Sometime back I asked you for guidelines on writing synopses. After reading through a lot of comic pages, I decided to start smaller. I've created several pages for locations and minor characters and would like to ask a favor.
Could you look at some (not all) of the following pages and give me a critique on the writing?
The first sentence should describe what it is. I suggest switching the line about its location with the second line about its residents. They matter more than where it is.
Your bit about "the smiths, better known as the Kent Family" assumes that a reader would know about whatever mysterious plot twist has caused Clark Kent to actually be Clark Smith - I only have vague knowledge about it. While it should be written in-universe, you should try to make it possible for unfamiliar readers to understand that this information was revealed to be the case after the fact - or don't mention it at all, see:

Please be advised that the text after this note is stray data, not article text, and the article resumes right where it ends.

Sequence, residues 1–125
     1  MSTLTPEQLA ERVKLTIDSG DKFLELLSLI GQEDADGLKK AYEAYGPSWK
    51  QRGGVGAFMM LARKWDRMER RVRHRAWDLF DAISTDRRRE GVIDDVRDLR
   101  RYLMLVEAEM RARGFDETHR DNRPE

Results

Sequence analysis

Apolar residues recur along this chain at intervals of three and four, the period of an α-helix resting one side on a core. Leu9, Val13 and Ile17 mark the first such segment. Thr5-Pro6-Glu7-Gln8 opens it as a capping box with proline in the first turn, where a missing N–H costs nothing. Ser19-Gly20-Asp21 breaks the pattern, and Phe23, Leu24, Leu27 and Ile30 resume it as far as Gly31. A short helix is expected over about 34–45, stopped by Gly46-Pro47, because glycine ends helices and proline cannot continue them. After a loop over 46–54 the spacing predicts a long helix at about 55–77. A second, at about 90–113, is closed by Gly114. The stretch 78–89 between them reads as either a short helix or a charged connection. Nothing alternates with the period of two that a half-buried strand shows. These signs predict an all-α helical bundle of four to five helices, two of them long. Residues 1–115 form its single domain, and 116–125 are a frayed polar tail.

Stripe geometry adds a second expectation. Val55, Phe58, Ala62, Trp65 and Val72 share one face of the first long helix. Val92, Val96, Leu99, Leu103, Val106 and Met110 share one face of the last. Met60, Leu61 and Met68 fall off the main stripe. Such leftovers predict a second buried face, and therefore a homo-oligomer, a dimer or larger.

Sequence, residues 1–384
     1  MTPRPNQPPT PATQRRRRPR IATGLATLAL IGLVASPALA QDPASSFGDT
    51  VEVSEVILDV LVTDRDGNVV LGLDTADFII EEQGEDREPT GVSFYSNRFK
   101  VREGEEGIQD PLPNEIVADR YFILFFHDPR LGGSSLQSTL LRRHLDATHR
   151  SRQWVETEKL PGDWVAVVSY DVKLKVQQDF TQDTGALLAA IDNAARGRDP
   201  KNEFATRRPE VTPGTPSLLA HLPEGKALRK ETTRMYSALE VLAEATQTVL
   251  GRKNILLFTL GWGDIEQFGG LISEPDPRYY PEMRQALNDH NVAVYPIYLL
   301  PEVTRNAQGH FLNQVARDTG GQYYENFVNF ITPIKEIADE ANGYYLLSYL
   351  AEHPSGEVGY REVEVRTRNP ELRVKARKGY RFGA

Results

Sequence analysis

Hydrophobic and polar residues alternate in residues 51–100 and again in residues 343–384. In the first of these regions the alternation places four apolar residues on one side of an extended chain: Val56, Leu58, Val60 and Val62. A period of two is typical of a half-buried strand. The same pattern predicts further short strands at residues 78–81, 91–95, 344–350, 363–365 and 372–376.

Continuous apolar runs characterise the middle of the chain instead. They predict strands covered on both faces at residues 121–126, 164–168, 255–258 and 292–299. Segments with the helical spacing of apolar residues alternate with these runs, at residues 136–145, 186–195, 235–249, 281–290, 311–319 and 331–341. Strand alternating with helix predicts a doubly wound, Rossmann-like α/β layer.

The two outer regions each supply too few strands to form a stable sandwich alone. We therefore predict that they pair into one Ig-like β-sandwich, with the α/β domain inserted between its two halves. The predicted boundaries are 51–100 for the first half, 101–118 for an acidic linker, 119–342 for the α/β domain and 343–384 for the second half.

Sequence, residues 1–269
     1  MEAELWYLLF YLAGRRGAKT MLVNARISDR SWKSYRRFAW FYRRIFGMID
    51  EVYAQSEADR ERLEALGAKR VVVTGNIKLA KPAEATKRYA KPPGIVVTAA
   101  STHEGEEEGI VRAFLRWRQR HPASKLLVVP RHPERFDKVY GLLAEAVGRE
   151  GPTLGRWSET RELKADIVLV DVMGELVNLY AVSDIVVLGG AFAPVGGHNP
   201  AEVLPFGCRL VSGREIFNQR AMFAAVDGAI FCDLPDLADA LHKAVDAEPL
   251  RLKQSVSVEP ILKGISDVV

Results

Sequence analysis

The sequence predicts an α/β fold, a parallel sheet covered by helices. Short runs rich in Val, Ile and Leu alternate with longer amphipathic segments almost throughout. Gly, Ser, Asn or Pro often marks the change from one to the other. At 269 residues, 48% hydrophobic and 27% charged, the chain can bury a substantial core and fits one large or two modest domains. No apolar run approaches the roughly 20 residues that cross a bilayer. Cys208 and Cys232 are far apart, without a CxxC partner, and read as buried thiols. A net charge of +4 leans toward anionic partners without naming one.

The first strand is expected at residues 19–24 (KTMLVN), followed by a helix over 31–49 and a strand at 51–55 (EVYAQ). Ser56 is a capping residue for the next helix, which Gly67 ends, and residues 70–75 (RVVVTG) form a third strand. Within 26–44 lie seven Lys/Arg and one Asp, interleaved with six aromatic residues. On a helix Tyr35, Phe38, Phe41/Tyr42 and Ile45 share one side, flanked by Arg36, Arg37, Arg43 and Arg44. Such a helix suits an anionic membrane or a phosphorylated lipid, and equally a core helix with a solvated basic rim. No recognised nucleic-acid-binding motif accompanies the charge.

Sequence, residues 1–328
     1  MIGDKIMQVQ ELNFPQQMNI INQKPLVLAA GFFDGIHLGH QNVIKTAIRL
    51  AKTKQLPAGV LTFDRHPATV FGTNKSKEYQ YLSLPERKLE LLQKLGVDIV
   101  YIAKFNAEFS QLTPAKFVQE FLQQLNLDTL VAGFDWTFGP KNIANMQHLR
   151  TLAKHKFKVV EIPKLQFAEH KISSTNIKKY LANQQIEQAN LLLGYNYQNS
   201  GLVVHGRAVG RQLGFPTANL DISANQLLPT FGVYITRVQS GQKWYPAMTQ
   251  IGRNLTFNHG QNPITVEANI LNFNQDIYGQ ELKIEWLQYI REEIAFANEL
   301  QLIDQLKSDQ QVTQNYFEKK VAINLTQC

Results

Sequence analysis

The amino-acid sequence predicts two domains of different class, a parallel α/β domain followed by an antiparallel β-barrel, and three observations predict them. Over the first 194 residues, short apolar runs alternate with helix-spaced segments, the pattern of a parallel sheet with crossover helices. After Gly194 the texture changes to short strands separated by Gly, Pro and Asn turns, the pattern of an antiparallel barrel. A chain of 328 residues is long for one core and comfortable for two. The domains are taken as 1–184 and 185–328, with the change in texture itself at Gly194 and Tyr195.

Does a page for a farm that is called Kent Farm because the people who live there call themselves the Kents need to be named something it was never called because their real name was a secret?
Again, tell us what it is, before you tell us where it is.
Feels well-written and descriptive, but also a bit terse, if you know what I mean.
Use past tense for character histories. If they're alive, you can still say "Jimmy Crew is a guy..." but from that point on, anything that he did in a comic should be written as if he DID them, and is not DOING them.